What made the late Ram tick?
I remember it well and I remember it poorly - the conversation at the
Arts Centre Club. It was quite remarkable, actually, in that bar where
more than half the regulars were my friends, in that bar where I am sure
I had my first drink - either a rum and coke or a gin and lime,
certainly, but again I don't know for sure, although I swear I remember
who paid for it - that we appear to have had an uninterrupted
How do I know that? Because parts of it were published a few days
(maybe weeks) later in the pages of The Sunday Times. (On the 27th of
September, 1987, for those bibliographically inclined.) I called him
Naresh, then, to preserve his anonymity.
He was a member of one of the Tamil militant organizations, of that
fine generation of Tamil youth that refused to shirk its
responsibilities. And more. He was by any standards brilliant.
He was that rare undergraduate who, when he dropped names, could back
it up with a relevant quotation and an intelligently coherent argument.
A first class was his for the taking. But he wasn't a nerd. Sivaram was
up to painting the town red. Then, in the second term of his first year,
he dropped out.
This might have been 1982, though 1983 is more likely. I could check.
But who cares! History is for those without imagination. (I got that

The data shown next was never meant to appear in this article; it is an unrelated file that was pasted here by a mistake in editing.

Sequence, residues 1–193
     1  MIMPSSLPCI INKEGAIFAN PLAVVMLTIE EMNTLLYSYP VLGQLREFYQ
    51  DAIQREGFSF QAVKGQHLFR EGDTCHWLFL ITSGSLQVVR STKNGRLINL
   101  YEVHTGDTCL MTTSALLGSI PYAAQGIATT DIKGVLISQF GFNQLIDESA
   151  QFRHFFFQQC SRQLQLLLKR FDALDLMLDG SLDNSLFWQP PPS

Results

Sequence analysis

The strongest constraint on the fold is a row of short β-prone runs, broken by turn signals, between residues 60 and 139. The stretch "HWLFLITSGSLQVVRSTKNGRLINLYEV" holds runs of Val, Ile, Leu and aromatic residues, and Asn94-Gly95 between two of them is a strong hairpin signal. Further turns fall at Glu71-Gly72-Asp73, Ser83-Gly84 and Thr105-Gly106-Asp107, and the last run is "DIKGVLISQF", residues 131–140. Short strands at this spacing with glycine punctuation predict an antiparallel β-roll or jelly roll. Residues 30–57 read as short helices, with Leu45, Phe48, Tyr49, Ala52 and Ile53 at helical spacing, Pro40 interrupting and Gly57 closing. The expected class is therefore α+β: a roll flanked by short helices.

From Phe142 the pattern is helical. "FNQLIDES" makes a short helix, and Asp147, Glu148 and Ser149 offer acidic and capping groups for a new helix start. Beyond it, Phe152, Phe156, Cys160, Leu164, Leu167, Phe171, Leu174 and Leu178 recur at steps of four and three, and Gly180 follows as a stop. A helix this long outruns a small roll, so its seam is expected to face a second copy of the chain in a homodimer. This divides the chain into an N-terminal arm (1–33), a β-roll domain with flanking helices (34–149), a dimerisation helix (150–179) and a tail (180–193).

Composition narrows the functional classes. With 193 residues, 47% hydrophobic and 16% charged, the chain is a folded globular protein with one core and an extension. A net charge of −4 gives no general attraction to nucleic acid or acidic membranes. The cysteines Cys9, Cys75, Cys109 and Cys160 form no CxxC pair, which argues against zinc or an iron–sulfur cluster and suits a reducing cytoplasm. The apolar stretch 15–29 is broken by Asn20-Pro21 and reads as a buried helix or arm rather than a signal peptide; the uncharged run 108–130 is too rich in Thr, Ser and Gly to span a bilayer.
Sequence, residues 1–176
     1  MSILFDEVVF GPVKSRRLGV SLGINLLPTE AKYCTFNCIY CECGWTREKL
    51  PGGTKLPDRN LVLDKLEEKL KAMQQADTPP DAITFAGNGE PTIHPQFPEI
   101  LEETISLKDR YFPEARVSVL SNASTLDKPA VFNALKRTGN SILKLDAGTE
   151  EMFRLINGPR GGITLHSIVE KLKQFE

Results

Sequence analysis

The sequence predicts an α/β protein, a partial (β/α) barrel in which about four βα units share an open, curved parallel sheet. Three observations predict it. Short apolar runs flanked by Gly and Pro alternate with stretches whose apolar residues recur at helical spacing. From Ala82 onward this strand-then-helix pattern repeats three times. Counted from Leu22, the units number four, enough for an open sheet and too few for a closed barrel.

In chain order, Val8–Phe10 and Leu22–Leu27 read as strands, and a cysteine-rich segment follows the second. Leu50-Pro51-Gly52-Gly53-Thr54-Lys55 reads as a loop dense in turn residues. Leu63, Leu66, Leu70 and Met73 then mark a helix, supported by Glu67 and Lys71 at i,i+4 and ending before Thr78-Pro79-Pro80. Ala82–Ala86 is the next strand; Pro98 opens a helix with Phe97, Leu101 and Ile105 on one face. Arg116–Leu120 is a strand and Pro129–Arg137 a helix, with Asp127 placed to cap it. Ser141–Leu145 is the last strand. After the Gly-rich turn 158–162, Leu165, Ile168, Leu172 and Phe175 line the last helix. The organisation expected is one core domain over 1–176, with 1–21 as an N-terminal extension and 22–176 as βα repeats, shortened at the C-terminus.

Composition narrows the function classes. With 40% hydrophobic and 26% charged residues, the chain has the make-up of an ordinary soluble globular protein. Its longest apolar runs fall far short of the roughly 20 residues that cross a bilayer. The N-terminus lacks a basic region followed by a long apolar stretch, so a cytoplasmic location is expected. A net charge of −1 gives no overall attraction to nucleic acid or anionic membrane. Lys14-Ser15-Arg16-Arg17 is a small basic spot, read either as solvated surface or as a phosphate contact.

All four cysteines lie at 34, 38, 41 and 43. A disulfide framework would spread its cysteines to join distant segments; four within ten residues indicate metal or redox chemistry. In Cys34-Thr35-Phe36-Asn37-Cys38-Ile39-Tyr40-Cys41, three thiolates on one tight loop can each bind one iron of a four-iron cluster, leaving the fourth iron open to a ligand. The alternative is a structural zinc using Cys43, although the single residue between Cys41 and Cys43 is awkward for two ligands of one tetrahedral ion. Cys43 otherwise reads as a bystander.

line from a fortune cookie.) I next met him three years, a race riot and
many deaths later. He turned up at my doorstep one evening and asked me
if I remembered him.
Vain question; he wasn't easy to forget. He looked very different:
shaggy hair, scraggy beard, spectacles tied together with wire, torn
track-shoes. We proceeded to talk - or, rather, he did - till the early
hours of the morning.
Most of the talking, no doubt, must have happened in a bar somewhere.
But, surely, we'd have eaten at home first. Indeed, to this day my
mother doesn't know how many Tamil militants she fed over those years.
And I'm not about to tell her.
I asked why he joined up. He replied as if he was saying something
self-evident. "What else is there to do?" Then proceeded to relate story
after story that gave life to the facts and statistics of Tamil
grievances...The idealism came out clearly, as did the commitment, the
purpose, the dedication.
That last statement reads embarrassingly now. Idealism is not
something I have associated with Sivaram for a long time.
Today he looks like anybody's favourite son. The beard was trimmed
neatly enough to make a naval officer jealous; the jeans were Jordache;
the t-shirt, Lacoste; the run down spectacles had given way to Daniel
Ortega-style tinted glasses; he had even polished his shoes. After three
weeks of the good life in Colombo, one saw the beginnings of a pot.
Maybe that's when he changed, after the Indo-Lanka Accord. But then,
again, who knows? The conversation turned to the PLOT critique of Tamil
separatism and its argument for co-operation with the radical southern
He had been drinking arrack all evening. Then he lit a Bristol and
said: "The whole enterprise was doomed to failure from the very start.